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August 1970

Recent Advances in Neurology and Neuropsychiatry,

Arch Intern Med. 1970;126(2):340-341. doi:10.1001/archinte.1970.00310080146037

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There is little doubt that this book is the best of its kind in the English language. English neurologists, in contrast to the Americans, have never felt compelled to denigrate clinical neurology in favor of mediocre research. The result has been that the English are often our superiors as clinicians, and the relative small amount of research that they do stands in sharp contrast to the monuments of the commonplace which bury the few good papers we produce. The English clinician and writer also persists in writing clearly, while Americans tend to belabor the language and are fearful of an individualistic style when writing about scientific subjects.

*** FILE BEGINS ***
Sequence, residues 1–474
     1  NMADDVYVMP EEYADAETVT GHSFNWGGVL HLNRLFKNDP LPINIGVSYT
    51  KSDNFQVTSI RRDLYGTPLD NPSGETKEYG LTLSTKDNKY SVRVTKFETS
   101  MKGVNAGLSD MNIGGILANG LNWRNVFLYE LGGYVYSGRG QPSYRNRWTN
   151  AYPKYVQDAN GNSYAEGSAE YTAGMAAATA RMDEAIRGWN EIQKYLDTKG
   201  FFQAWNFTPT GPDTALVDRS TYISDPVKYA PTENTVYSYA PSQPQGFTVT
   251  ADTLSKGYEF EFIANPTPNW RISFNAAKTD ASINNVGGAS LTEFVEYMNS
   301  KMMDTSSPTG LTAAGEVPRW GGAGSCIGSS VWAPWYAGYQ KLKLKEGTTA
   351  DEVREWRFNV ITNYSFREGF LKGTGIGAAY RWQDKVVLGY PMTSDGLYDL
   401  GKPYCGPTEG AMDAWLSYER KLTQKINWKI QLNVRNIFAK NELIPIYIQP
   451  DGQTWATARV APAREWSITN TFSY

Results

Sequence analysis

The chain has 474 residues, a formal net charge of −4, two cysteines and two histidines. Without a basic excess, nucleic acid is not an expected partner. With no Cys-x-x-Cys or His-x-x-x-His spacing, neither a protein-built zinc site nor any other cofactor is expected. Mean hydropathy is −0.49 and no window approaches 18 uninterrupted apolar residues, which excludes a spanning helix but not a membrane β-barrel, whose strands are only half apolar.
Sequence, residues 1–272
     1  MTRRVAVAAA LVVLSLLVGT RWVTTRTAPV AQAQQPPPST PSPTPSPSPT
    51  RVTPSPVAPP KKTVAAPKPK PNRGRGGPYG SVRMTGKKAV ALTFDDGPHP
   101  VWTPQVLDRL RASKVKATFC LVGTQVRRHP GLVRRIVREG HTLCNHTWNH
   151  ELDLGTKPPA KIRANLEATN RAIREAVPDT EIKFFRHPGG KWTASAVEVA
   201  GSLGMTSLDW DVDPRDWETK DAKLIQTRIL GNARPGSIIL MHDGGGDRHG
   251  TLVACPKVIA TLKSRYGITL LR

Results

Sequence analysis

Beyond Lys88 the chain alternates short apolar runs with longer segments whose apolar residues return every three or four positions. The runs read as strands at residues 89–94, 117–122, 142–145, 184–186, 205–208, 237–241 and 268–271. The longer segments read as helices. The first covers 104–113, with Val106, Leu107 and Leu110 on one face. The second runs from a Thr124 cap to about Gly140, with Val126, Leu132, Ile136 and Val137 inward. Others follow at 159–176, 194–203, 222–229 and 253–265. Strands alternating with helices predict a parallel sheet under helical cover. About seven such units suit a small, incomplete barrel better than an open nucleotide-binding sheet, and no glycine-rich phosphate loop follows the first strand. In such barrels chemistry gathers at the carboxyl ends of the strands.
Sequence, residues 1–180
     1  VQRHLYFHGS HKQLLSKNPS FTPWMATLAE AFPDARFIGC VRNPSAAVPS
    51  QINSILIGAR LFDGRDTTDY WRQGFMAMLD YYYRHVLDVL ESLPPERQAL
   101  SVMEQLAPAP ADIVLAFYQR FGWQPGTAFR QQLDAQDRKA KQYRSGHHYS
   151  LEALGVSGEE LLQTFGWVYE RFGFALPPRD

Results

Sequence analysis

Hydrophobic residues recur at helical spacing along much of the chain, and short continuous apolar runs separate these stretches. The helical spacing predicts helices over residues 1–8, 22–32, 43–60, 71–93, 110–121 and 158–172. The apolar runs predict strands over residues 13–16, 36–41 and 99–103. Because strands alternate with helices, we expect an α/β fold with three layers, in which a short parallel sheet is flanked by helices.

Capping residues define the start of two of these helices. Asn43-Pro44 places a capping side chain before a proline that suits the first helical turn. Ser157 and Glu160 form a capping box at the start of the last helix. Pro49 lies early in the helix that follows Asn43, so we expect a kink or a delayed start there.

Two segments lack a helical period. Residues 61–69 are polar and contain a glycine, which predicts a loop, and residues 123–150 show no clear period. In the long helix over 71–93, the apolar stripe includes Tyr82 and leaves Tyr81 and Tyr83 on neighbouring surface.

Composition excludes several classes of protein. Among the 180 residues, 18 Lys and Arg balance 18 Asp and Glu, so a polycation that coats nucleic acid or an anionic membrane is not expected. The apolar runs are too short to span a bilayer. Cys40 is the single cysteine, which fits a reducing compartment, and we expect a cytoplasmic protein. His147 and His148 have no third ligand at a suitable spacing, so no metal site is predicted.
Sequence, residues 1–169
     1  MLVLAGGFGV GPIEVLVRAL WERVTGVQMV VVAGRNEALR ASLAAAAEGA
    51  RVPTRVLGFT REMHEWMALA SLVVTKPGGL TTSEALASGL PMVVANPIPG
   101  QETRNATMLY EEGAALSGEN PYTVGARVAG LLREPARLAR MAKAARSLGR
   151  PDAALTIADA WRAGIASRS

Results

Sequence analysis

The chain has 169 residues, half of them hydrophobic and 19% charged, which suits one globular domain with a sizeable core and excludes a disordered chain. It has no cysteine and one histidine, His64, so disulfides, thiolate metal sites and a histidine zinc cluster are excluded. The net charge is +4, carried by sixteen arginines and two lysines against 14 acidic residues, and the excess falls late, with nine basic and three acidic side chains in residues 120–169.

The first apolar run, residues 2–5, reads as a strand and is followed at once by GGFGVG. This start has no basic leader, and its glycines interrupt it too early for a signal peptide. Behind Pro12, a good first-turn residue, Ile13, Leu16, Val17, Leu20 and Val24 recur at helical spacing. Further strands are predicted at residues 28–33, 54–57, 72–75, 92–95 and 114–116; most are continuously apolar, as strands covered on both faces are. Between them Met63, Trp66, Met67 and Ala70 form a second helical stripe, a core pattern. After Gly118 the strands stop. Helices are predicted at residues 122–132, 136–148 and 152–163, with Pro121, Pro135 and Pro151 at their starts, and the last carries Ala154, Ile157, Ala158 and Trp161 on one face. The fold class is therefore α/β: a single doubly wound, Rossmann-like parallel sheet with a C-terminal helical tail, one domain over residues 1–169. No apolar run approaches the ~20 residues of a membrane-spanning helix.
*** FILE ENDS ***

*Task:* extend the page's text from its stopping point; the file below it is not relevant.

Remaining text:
The book reflects all the above English virtues. There is a happy mixture of the clinically relevant and the best of recent work in the field. There are ten chapters written by individual neurologists which cover topics such as disorders of memory, carcinomatous